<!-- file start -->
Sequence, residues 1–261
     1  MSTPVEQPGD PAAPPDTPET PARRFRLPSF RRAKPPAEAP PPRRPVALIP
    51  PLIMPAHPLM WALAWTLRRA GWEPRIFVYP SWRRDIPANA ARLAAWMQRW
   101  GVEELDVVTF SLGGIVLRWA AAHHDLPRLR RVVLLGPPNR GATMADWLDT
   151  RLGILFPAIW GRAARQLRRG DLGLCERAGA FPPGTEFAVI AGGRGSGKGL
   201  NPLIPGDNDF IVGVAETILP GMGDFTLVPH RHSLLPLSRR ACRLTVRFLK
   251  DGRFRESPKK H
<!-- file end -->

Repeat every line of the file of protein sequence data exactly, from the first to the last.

Sequence, residues 1–261
     1  MSTPVEQPGD PAAPPDTPET PARRFRLPSF RRAKPPAEAP PPRRPVALIP
    51  PLIMPAHPLM WALAWTLRRA GWEPRIFVYP SWRRDIPANA ARLAAWMQRW
   101  GVEELDVVTF SLGGIVLRWA AAHHDLPRLR RVVLLGPPNR GATMADWLDT
   151  RLGILFPAIW GRAARQLRRG DLGLCERAGA FPPGTEFAVI AGGRGSGKGL
   201  NPLIPGDNDF IVGVAETILP GMGDFTLVPH RHSLLPLSRR ACRLTVRFLK
   251  DGRFRESPKK H